Lawmakers mull centralized arraignment ideas

SARANAC LAKE — Local leaders are continuing to grapple with the potential implications of all arraignments in the county being centralized in Malone to guarantee representation for defendants, and as some proposed solutions are shot down, more are forming.

As the state Office of Indigent Legal Services pushes courts to ensure there’s a public defender at every arraignment, which it describes as “a fundamental right,” Franklin County is considering moving all arraignments to a county facility near the jail in Malone — rather than conducting them at local courts — to keep its limited number of public defenders from needing to travel all over the county for arraignments in different towns. The county is considering this under the guidance of the state’s 4th judicial district, which encompasses a variety of North Country counties, including Franklin County.

At a joint meeting of the Harrietstown town council and Saranac Lake village board on Monday, Gary Hobbs, the supervising judge for Franklin County magistrates; Matt Chivers, who works for Hobbs in the 4th judicial district and Franklin County Manager Donna Kissane attended and spoke about the issue.

At the end of the conversation, local leaders said it was clear there is no optimal solution. There are severe shortages of lawyers and law enforcement officers across the board. But they hope to find a compromise to ease the burden on every agency, keep the community safe and cause the least inconvenience to people who are arrested, all while providing legal defense representation at every arraignment.

“Everyone’s not going to get 100% of what they want, but I think through discussion we can come to an agreement that is least-bad for everybody,” Harrietstown Supervisor Jordanna Mallach said.

The conversation is just starting, Mallach said. They have time to find solutions, but in a little over a year, a deadline coming.

Proposed changes

The county currently supplies public defenders for those who cannot hire their own legal representation.

In Franklin County, public defenders are on call to attend to arraignments, but there’s not enough of them to travel around the county at all hours of the day and night.

If a new, centralized system is approved, arraignments would be held in Malone twice a day — at 7 a.m. and 7 p.m. — to make attending arraignments easier for the public defender’s office.

With this system, the 25 town and village justices in Franklin County would each take a day presiding in the court in Malone for those arraignments.

But transporting detainees to Malone is something Saranac Lake Mayor Jimmy Williams said he and his police department can’t support at current staffing levels.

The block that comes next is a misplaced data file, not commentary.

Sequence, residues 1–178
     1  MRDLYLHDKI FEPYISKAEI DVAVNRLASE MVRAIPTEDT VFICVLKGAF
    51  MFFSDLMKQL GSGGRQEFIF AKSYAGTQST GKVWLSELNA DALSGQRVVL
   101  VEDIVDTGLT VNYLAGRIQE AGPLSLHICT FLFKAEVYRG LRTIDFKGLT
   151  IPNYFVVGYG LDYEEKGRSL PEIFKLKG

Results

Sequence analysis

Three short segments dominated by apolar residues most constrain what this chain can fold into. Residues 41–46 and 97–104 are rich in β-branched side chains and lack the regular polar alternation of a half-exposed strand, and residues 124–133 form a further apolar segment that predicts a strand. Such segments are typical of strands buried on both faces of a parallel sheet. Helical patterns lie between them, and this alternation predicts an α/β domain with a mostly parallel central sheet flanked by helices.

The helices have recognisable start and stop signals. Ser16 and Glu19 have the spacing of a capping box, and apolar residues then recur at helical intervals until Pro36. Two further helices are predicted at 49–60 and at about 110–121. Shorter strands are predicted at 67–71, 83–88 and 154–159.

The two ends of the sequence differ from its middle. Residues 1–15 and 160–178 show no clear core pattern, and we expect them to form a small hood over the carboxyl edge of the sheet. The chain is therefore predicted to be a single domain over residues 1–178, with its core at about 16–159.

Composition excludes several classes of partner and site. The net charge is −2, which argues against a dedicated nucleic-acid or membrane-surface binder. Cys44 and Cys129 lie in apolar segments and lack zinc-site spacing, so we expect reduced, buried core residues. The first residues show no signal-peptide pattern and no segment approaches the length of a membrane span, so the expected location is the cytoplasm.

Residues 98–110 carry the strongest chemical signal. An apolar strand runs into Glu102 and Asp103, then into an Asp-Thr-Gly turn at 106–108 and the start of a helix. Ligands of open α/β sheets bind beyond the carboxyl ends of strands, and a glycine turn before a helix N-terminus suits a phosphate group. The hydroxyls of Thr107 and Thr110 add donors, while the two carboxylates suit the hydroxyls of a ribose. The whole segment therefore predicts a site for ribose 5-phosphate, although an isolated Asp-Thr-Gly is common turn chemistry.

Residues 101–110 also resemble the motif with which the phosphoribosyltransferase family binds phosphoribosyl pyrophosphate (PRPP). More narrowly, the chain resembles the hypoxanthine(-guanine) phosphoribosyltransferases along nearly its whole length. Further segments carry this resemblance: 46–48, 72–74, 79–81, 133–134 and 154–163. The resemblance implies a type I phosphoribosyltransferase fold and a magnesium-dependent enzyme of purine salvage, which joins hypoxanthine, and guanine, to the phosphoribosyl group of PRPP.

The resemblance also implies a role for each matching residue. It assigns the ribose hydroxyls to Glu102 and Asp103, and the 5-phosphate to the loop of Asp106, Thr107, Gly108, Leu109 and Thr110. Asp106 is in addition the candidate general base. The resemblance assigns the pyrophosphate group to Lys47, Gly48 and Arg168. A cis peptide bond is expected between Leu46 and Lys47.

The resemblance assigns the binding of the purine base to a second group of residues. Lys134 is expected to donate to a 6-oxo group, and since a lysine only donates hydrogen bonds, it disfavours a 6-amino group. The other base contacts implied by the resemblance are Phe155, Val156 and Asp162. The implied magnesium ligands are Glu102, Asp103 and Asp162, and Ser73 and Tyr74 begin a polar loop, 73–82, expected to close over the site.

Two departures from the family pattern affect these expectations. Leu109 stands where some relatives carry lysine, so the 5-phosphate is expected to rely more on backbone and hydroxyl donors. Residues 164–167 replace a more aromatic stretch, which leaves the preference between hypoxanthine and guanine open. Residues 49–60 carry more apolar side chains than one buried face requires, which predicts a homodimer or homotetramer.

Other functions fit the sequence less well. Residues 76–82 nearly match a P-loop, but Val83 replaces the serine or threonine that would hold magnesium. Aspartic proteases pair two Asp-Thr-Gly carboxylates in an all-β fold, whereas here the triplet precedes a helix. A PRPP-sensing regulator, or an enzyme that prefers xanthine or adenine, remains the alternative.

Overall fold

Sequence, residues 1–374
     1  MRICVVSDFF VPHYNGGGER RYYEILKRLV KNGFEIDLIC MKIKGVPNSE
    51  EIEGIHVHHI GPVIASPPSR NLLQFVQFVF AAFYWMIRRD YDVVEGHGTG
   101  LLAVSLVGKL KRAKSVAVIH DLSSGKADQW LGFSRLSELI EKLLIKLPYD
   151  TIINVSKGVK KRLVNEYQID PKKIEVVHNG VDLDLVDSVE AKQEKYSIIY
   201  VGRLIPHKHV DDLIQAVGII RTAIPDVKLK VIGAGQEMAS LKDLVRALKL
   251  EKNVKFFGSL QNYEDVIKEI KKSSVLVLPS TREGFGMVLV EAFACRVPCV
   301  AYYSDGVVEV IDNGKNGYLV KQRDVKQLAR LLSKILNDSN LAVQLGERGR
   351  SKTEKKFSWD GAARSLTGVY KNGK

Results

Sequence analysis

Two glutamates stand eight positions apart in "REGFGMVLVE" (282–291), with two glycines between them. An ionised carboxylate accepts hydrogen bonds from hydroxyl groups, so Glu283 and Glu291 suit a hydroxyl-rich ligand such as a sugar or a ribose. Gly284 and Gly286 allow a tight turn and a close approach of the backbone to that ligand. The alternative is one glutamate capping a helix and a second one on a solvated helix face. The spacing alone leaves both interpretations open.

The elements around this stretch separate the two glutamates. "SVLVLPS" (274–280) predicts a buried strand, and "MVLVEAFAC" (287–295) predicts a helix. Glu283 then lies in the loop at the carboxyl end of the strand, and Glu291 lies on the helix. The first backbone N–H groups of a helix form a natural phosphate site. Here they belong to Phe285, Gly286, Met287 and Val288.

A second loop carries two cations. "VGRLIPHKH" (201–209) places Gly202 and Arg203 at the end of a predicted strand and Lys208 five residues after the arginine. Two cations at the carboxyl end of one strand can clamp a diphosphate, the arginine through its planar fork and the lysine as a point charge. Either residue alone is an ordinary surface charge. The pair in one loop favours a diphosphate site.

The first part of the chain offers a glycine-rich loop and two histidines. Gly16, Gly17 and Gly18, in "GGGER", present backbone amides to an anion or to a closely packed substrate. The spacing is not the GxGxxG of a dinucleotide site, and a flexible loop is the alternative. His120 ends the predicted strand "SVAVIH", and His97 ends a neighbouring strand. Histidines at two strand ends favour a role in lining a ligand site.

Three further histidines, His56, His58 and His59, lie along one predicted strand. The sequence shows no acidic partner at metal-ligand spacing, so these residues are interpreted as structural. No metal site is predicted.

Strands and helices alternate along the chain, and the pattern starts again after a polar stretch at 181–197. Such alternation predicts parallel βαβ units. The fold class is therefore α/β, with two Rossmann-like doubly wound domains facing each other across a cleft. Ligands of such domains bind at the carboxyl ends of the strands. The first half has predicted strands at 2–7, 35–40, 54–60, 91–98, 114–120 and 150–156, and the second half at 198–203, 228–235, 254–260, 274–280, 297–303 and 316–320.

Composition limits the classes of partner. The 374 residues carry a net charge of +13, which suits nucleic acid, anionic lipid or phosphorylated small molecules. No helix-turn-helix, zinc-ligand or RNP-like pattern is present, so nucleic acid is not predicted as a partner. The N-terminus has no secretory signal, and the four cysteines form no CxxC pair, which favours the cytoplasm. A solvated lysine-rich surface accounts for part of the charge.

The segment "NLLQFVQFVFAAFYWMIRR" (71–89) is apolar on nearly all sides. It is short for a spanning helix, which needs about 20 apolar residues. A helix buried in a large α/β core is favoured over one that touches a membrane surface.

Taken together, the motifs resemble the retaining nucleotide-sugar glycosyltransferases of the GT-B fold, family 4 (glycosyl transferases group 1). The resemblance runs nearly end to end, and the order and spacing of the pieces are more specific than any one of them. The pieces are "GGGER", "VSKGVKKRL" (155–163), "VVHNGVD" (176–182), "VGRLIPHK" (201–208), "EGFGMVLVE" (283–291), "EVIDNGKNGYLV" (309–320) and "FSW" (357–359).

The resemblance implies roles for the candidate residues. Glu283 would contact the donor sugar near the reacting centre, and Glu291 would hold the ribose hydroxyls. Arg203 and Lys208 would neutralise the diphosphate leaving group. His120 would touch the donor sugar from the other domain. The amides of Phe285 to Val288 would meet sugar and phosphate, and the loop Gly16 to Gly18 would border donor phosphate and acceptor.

Providing legal representation virtually, an idea Harrietstown Councilman Johnny Williams liked, will prove difficult to do, Hobbs and Chivers said.

There’s now discussions of law enforcement sharing the responsibility of transporting defendants, a public defender being based in Saranac Lake specifically for these arraignments, or changing the law to allow the town to conduct virtual arraignments again.

“We just want to continue to come up with solutions that maybe aren’t perfect for everyone but that we can all support on some level,” Kissane said.

They still have time to brainstorm more ideas. Then, Hobbs and Chivers would draft a plan. This plan would go to stakeholders — the sheriff, town judges, county public defenders, law enforcement agencies and county legislators. These stakeholders would look the plan, give input and potentially throw their support behind it. At some point, the county board would consider it for a vote. The board could pass a resolution for a capital project to spend money on centralized arraignment.

Kissane said such a vote is still months away. They’re in the research and discovery phase right now.

Chivers said the real deadline to implement centralized arraignment is in April or May of 2024. That’s when Franklin County Public Defender Tom Soucia is set to retire. Soucia has been covering the majority off-hours arraignments around the county. Chivers said they need to plan ahead for this.

Attorney shortage

Kissane said she believes centralized arraignment will be beneficial to local courts, county attorneys and towns in the long term.

But Franklin County has a unique geography, she said, which creates distance problems for courts in every reach of the county.

Chivers said of all the counties in the 4th judicial district, Franklin County also has the most severe shortage of attorneys he’s seen. Kissane said the county is in need of more attorneys, especially in the south end. It’s been dealing with a shortage for years now, she said.

Hobbs said this has created “burnout” in public defenders and district attorneys. Kissane said the county expects to lose a public defender and two district attorneys in the next few months. It will need applicants and she would would be happy with a south end attorney.